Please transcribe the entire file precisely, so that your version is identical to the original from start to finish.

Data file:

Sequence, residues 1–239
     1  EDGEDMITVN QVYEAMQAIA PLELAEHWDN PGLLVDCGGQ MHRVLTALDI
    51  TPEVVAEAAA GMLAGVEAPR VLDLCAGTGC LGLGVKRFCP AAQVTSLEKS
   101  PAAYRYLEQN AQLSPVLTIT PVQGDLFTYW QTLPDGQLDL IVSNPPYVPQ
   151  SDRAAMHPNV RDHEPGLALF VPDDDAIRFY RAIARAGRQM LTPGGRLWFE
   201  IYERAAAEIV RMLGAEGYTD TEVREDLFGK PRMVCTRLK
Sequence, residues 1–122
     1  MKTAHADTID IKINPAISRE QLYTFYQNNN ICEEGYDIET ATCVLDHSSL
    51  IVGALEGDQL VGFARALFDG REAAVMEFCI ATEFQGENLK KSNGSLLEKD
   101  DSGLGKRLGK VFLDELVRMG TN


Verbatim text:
Sequence, residues 1–239
     1  EDGEDMITVN QVYEAMQAIA PLELAEHWDN PGLLVDCGGQ MHRVLTALDI
    51  TPEVVAEAAA GMLAGVEAPR VLDLCAGTGC LGLGVKRFCP AAQVTSLEKS
   101  PAAYRYLEQN AQLSPVLTIT PVQGDLFTYW QTLPDGQLDL IVSNPPYVPQ
   151  SDRAAMHPNV RDHEPGLALF VPDDDAIRFY RAIARAGRQM LTPGGRLWFE
   201  IYERAAAEIV RMLGAEGYTD TEVREDLFGK PRMVCTRLK
Sequence, residues 1–122
     1  MKTAHADTID IKINPAISRE QLYTFYQNNN ICEEGYDIET ATCVLDHSSL
    51  IVGALEGDQL VGFARALFDG REAAVMEFCI ATEFQGENLK KSNGSLLEKD
   101  DSGLGKRLGK VFLDELVRMG TN